Hopefully a new garden season will start very soon. Most gardeners are already exploring seed and plant catalogs and making lists. Selection is enormous, and gardeners in general are an optimistic group prone to experimenting and challenge. They often can’t resist buying plants unsuitable for the growing local. Reading about gardening helps, but there is nothing like experience, especially in a personal garden site, which can differ dramatically from areas around it. Writing down what happens in a garden on a daily, weekly, or even a monthly basis, will help understand the garden site.

Most plants are selected by their climatic zone. This doesn’t tell the whole story, however. Michigan’s zone 4 garden is different from gardens in zone 4 in Vermont, Nebraska or Idaho. A continuous snow cover can insulate the soil allowing some plants to thrive when they wouldn’t survive a snow-free zone 4. The length of the growing season, the number of days of sun, the average rainfall, or local soil type and shade cover also determines what grows where. Only experience, and a journal to record that experience, will tell a particular garden’s potential.

Gardening can become expensive when high-priced plants die, and discouraging when plants fail to return the following spring. This is one area where journals can help. Keeping a list of what thrives in a certain location, what merely survives, and what never seems to stand a chance, provides insight into the garden’s climate and soil.

Journals also provide a time table and guide for planting. Records may show plants said to bloom in May consistently bloom in June. Plants chosen to bloom together, may bloom at completely different times, or grow to different heights from expectations. With this information, the garden can be rearranged to better suit each plant’s participation.

garden in bloom

Perennials selected to bloom together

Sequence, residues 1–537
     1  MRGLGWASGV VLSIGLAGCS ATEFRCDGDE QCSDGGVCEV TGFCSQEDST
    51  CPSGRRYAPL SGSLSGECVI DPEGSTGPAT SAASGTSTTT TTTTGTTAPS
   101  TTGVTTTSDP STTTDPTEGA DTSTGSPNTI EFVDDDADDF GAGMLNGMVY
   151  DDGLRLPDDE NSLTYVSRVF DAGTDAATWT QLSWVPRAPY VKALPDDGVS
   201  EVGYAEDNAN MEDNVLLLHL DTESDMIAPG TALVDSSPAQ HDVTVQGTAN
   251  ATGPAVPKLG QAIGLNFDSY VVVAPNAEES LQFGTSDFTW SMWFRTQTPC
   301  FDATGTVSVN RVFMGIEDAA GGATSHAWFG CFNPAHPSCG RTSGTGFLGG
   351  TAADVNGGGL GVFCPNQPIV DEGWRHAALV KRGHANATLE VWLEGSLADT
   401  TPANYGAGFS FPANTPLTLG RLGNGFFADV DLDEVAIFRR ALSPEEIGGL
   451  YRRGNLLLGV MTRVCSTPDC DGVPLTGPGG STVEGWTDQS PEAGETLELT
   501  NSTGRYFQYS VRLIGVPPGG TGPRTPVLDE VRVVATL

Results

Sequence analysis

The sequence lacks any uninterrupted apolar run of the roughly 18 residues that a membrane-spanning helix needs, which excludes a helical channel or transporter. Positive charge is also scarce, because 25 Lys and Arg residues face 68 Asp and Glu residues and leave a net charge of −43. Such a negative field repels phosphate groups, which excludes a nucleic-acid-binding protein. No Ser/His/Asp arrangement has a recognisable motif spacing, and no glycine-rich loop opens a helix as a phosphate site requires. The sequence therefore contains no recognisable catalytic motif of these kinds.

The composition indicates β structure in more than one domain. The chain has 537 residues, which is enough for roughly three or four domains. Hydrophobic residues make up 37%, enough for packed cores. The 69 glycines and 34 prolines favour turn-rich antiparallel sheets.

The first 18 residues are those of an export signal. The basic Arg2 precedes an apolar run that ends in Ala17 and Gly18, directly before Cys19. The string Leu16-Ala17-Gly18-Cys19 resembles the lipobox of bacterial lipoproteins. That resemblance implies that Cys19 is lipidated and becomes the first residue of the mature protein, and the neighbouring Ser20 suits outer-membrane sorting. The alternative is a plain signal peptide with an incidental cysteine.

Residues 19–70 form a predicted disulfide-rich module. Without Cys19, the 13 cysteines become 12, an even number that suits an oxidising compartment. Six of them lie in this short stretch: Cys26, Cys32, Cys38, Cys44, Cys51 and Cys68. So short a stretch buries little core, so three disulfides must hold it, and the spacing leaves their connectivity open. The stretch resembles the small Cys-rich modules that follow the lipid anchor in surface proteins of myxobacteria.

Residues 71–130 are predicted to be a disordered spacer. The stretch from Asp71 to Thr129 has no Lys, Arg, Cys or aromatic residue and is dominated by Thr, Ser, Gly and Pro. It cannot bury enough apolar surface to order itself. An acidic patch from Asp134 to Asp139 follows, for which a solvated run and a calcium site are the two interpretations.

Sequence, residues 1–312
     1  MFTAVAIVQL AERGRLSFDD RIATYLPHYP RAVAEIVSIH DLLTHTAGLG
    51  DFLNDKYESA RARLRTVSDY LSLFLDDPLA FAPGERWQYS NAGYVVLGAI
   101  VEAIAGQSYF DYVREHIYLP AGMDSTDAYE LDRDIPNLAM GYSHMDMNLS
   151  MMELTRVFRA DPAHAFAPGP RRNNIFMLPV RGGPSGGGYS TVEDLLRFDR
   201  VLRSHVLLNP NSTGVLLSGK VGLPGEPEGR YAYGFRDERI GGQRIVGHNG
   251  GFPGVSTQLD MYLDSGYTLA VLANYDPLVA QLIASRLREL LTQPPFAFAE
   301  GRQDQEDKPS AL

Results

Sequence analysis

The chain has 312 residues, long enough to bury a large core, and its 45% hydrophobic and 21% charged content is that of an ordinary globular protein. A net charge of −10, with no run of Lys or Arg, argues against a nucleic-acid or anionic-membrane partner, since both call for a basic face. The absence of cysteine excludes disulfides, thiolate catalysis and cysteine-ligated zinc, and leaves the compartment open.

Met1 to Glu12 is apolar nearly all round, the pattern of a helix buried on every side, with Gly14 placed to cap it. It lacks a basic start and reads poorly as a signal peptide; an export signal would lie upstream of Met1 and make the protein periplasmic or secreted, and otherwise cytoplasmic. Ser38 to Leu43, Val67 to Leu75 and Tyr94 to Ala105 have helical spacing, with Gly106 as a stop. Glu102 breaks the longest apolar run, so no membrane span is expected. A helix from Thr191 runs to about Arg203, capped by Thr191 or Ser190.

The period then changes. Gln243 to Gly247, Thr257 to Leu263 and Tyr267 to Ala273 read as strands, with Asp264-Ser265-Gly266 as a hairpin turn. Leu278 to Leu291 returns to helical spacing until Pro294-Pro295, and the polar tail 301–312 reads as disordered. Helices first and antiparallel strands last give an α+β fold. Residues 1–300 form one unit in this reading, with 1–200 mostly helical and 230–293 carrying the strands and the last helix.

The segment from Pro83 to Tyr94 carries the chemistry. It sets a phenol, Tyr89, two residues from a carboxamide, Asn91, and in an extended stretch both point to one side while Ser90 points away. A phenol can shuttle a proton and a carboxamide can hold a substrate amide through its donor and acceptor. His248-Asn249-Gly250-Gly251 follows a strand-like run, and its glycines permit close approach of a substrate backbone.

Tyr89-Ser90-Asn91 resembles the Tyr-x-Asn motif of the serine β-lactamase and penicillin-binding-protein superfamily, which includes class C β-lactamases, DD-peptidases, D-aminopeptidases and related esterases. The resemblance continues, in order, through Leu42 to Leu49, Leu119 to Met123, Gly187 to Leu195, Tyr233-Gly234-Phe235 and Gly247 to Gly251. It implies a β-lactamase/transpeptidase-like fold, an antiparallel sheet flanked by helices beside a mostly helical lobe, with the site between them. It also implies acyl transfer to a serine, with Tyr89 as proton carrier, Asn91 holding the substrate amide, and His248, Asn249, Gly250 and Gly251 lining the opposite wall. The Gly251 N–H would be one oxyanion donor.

Conditions within a garden can differ from everywhere around it. These ‘micro-climates’ are sites created by local terrain characteristics. Certain situations can create a more temperate, or a more severe climate, than surrounding areas. Slope of land, orientation to the sun, buildings, the amount of pavement, fences, or a line of trees can all create micro-climates. Finding these special places in a garden provides gardening opportunities. A journal recording plants that flourish or languish in a particular site within the garden is one way to recognize micro-climates.

An account of a garden gives gardeners knowledge about the particular growing conditions of their property. It allows them to experiment with marginally hardy plants more confidently and helps them keep damage to a minimum. Each garden has its strengths and weaknesses, recording its growth helps discover what those are. Keeping track of things like weather, when each type of plant starts spring growth, blooms, or dies, what you plant and where, dates of first and last frost, will eventually save you time, effort and money. Even with a journal’s added understanding, one season’s unusual weather might still kill a special plant. Optimistic gardeners write about it in their journal, then go out and try again.